Stump: 

When we asked Curtis about hope, he too pointed to more ultimate concerns and convictions instead of immediate circumstances.

Chang: 

What I’ve learned from doing this work with the vaccine is that I have a very limited ability to grasp short term outcomes or even medium term outcomes or trends. This pandemic and all the polarization that surrounded it, I would not have predicted this would have been happening a year ago, two years ago. I’ve come to sort of hold very loosely any short term optimism or pessimism. I believe Christ is risen and so there is no power of death, no power of disease, no power, even of polarization and misinformation that is more powerful than the resurrection. And so we know we’re headed there. That’s what keeps me going is that all of the work we do in these kinds of projects like Christians and the Vaccine are mere pointers, they are mirror signs, pointing to the ultimate restoration that lies before us.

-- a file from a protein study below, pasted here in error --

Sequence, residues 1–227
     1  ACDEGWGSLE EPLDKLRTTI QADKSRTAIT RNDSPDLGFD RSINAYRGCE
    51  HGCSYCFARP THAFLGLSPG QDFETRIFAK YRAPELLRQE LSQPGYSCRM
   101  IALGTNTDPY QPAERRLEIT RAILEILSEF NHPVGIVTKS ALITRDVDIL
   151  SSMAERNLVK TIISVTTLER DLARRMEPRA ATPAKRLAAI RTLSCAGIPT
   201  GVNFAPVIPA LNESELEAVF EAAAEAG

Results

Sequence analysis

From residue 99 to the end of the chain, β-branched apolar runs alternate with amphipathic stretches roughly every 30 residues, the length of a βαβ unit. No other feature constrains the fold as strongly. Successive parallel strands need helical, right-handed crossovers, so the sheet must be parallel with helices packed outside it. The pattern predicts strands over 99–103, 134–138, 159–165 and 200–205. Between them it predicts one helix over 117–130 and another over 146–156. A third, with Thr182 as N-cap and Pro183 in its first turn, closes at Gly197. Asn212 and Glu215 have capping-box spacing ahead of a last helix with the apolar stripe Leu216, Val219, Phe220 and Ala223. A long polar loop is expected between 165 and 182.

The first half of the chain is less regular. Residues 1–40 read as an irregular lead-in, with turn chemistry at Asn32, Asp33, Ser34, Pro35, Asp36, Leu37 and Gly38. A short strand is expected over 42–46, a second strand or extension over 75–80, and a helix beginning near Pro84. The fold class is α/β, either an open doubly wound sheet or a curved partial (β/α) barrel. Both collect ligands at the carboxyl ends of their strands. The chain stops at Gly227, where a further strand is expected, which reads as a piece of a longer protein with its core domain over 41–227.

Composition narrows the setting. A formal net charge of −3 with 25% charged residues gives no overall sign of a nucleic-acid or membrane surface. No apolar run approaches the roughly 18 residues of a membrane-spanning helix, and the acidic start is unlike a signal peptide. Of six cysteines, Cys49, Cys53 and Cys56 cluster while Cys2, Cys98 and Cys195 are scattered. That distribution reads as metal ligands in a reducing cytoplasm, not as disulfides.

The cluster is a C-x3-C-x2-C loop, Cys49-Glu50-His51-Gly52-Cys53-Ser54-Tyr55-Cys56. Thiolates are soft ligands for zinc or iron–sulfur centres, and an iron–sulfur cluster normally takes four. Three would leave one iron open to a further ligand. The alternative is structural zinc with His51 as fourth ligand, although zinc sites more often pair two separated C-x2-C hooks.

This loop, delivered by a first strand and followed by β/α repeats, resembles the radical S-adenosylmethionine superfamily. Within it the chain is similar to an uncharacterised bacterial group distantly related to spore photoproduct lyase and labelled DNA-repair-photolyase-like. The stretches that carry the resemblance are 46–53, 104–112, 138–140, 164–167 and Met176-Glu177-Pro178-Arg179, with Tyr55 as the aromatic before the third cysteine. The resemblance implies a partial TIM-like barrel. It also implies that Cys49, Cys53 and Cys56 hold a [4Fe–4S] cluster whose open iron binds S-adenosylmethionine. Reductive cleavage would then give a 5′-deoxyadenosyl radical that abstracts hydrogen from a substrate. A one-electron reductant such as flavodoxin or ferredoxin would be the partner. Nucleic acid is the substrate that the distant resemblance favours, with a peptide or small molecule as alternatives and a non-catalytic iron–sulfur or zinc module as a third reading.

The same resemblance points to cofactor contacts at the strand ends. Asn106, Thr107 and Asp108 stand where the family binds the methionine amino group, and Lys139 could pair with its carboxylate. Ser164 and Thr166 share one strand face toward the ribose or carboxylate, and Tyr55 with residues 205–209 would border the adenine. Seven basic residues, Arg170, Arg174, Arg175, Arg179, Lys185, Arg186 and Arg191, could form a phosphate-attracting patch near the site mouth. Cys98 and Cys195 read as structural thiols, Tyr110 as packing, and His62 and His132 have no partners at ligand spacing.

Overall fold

Stump:

John Walton has been a long time friend of BioLogos and has been on the podcast twice. When we asked him about hope, he first responded by telling us that he actually wasn’t sure he had much hopeful to say right now. He works with a lot of students and sees the way they are responding to current culture in relation to their faith.

Walton: 

I think there’s discontent in the younger generation, whether it’s millennials or younger, discontent, that somehow they got sold a bill of goods, in the way theology was done, in the way Bible was used, in the way that social issues were approached. They just felt like they got sold a bill of goods and they responded by checking out. And if we can come to them, offering a different way to use the Bible, a different way to understand the Bible that will make sense to them. And I don’t mean by compromising and giving things up. I mean, by just sharpening the way we do what we do, I think that could be a very, very positive thing.